On the banking side, the lack of a means of consistently identifying and tracking subscription charges can lead to issuing banks failing to recognize these charges for what they are when a customer calls to dispute them. When banks can identify them more easily, they can dissuade customers from entering into improper disputes. Currently, the lack of consistent identifiers means that subscription chargebacks can end up getting assigned inaccurate reason codes like “Fraud” or “Goods/Services Not Received,” making it all the more difficult to resolve them correctly.

How Will Visa’s New Mandate Fix These Problems?

Visa’s intention is to address these issues in a way that causes minimal friction for shoppers and does not impose too much additional labor requirements on merchants, banks, and payment processors. Based on feedback from issuing banks and other stakeholders, they determined that the most important elements in a solution would be as follows:

  • Cardholder recognition. Customers need to be able to easily recognize what a charge is and where it came from.
  • Easy cancellation. Recognizing a charge does customers little good if they have no easy way to cancel it on their own. Without easy, accessible cancellation methods, they will always resort to bank disputes.
  • Clear and specific dispute rights. Issuers have asked for better guidelines around disputes related to subscription charges in order to avoid confusing and contentious situations involving incorrect reason codes.

With these key points in mind, these are the changes going into effect on April 18, 2020:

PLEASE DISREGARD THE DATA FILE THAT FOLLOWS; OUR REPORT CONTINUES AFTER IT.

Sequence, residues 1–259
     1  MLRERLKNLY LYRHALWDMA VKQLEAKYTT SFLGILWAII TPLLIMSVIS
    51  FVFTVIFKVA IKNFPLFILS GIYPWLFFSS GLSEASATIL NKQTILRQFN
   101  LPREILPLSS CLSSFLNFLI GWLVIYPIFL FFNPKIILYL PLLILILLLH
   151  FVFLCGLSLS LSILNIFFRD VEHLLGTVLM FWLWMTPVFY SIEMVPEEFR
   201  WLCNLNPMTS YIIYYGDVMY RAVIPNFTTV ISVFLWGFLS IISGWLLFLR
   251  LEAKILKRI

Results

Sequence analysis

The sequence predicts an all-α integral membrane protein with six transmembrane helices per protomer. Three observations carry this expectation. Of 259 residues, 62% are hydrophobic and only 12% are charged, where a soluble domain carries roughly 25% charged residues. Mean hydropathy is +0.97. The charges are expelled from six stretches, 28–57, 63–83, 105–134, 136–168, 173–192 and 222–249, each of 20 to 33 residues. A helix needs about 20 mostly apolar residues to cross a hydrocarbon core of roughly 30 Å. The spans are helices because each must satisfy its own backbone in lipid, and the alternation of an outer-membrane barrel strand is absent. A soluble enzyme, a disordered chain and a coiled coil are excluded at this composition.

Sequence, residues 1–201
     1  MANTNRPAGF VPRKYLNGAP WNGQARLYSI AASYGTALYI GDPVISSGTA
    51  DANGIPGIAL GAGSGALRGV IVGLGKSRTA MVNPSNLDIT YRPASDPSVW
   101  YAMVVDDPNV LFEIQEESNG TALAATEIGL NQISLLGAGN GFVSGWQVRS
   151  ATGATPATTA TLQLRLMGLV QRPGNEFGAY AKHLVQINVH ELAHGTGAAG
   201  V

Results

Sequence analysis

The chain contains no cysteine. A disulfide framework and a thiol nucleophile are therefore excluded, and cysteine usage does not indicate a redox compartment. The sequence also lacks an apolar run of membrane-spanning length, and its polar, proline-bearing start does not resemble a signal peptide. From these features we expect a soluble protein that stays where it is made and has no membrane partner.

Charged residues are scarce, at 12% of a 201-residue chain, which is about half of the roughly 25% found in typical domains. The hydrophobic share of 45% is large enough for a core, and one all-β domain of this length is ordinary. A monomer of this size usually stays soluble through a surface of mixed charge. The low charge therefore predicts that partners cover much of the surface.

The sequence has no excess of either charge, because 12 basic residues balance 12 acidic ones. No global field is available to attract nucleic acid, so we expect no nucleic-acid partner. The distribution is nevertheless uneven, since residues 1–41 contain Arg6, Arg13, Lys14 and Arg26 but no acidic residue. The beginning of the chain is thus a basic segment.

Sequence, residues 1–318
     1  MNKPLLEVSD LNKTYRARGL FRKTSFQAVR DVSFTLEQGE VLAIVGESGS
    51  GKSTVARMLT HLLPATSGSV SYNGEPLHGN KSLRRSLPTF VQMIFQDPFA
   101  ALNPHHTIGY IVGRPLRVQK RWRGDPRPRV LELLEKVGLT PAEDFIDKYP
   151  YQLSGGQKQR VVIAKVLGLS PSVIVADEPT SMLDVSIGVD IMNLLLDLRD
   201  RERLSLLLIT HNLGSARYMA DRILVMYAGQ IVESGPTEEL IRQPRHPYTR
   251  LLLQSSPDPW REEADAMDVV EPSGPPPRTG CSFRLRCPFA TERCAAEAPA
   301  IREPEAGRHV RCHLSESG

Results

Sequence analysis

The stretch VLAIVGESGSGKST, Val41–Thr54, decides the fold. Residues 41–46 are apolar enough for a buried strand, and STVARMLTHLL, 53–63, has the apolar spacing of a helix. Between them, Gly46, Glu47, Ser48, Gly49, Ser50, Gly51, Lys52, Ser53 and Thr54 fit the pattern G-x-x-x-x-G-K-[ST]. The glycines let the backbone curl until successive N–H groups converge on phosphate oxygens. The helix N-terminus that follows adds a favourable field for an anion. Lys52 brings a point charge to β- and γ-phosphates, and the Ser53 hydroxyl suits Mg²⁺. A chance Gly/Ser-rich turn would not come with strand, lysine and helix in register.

Enhanced disclosures. Whenever a merchant enrolls a customer in a trial subscription, they must provide the following:
  • A digital receipt, even if no payment is due yet, that discloses terms and conditions, the amount and frequency of future payment obligations, and a link to a cancellation page.
  • An email or text message containing a link to a cancellation page, to be sent at least 7 days before processing the first actual transaction that occurs after the end of the trial period.
  • Language in the merchant descriptor that appears on the cardholder’s bank statement identifying the transactions related to the trial subscription.
 
Easier cancellations.
The merchant must provide customers with a simple way to cancel their subscriptions over the internet, even if the customer signed up for the trial offer over the phone or in person.


Clearer disputes

  • For cardholders, dispute rights are expanded in cases where they were not clearly advised about future billings.
  • For merchants, proof of adequate disclosure, cardholder acceptance, and subsequent notifications will be accepted as compelling evidence in representments.

Ongoing monitoring
Visa will be monitoring merchants for compliance with the new mandate.

Conclusion

Don’t let “monitoring for compliance” scare you—Visa has designed these changes to be minimally disruptive to merchant activities, and they’re not sending the credit card police to take your POS terminals away if you overlook something. Visa has assured merchants that if they’re having trouble implementing these changes, they should reach out for help developing a plan to get compliant within a reasonable timeframe.

Card network mandates are always a little intimidating, especially if you’re a small and perpetually overworked merchant, but they changes they bring usually benefit merchants considerably, helping to improve customer experiences and eliminate possible sources of disputes.